28 August 2019
In a step towards the UK government’s long-term carbon neutrality target, the country’s nine major water and sewerage providers have joined together in a commitment that will see 11 million trees planted. The agreement will include the restoration of original woodland now owned by water companies as well as new projects across National Trust, Wildlife Trust, and RSPB owned land.
The move has been celebrated by Sir William Worsley, the Government’s National Tree Champion who said to Water UK “I welcome this pledge from England’s water companies, who have clearly seen the value in planting trees and acknowledged the vital role they will play in helping us to reach net-zero emissions by 2050.
“Trees are carbon sinks, provide crucial habitats for precious wildlife, mitigate flood risk and provide a valuable renewable resource in timber – and I encourage other industries to follow Water UK’s excellent example to ensure we boost planting rates across the country.”
Outside of the Government’s overall target of a carbon neutral country by 2050 the water sector itself is setting sights on the year 2030. Planting trees is a large part of the strategy for most water boards, with several already having projects well underway.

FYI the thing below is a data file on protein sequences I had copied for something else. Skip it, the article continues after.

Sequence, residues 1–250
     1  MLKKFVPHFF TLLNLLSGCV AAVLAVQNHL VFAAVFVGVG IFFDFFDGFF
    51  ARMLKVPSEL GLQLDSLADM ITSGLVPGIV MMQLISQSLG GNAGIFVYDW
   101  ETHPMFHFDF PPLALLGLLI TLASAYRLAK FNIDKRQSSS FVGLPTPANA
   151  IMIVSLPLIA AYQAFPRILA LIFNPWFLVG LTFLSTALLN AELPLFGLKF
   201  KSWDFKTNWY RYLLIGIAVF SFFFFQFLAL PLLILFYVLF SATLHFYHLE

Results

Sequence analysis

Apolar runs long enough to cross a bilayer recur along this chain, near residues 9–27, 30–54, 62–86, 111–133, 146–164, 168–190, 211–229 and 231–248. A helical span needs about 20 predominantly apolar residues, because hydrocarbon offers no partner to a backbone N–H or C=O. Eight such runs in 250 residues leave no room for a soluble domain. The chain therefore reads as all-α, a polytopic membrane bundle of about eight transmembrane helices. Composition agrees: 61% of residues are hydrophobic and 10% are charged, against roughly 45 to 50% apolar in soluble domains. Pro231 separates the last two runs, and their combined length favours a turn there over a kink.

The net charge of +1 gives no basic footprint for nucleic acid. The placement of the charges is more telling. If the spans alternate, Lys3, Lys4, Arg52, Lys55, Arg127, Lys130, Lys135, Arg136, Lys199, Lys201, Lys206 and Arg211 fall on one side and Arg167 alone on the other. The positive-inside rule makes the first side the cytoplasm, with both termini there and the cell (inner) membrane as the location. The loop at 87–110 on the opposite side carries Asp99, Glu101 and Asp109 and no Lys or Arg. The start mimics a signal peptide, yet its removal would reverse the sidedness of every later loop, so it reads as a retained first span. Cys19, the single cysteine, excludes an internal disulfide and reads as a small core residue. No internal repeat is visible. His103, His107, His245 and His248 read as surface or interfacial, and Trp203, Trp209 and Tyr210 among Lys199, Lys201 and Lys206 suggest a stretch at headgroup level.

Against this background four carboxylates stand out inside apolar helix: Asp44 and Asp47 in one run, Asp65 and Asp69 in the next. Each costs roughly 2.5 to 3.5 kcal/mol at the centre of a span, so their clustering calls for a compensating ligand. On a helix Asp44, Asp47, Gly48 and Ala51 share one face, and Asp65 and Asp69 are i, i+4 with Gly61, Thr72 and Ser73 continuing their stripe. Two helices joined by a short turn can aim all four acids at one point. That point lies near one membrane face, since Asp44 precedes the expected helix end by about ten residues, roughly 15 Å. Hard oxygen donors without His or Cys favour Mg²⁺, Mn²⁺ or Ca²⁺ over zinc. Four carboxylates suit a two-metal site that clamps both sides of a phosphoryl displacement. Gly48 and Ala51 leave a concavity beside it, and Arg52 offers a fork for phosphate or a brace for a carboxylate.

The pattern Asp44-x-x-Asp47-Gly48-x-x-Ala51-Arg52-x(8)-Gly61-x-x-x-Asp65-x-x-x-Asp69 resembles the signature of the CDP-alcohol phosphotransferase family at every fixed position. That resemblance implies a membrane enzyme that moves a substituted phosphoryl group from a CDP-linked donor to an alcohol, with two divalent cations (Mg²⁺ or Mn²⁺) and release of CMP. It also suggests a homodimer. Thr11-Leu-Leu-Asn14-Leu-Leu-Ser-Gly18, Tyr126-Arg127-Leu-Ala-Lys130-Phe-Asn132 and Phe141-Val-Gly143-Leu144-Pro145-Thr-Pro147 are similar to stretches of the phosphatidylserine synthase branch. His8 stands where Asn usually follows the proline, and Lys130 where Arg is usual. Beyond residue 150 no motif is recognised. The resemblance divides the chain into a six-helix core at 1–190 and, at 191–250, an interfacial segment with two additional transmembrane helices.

United Utilities has planted 800,000 trees since 2005, for instance, with a target of 440,000 more over the next 5 years. Yorkshire Water planted 14,000 trees in December of last year as part of a one million tree initiative with the Woodland Trust which aims to “enhance the environment and reduce the risk of flooding”. Anglian water plan to introduce a million plants including trees, hedging plants and shrubs in urban areas, in a 25-year project, and Severn Trent have already planted 500,000 trees with a further 250,000 expected by 2024.
It is expected that all these water companies will be working with the Woodland Trust to identify and manage sites throughout these programmes – the latest in a long line of projects the Trust have assisted with including planting trees in a carbon offsetting initiative with Circular Computing’s printing partners, John Dollin.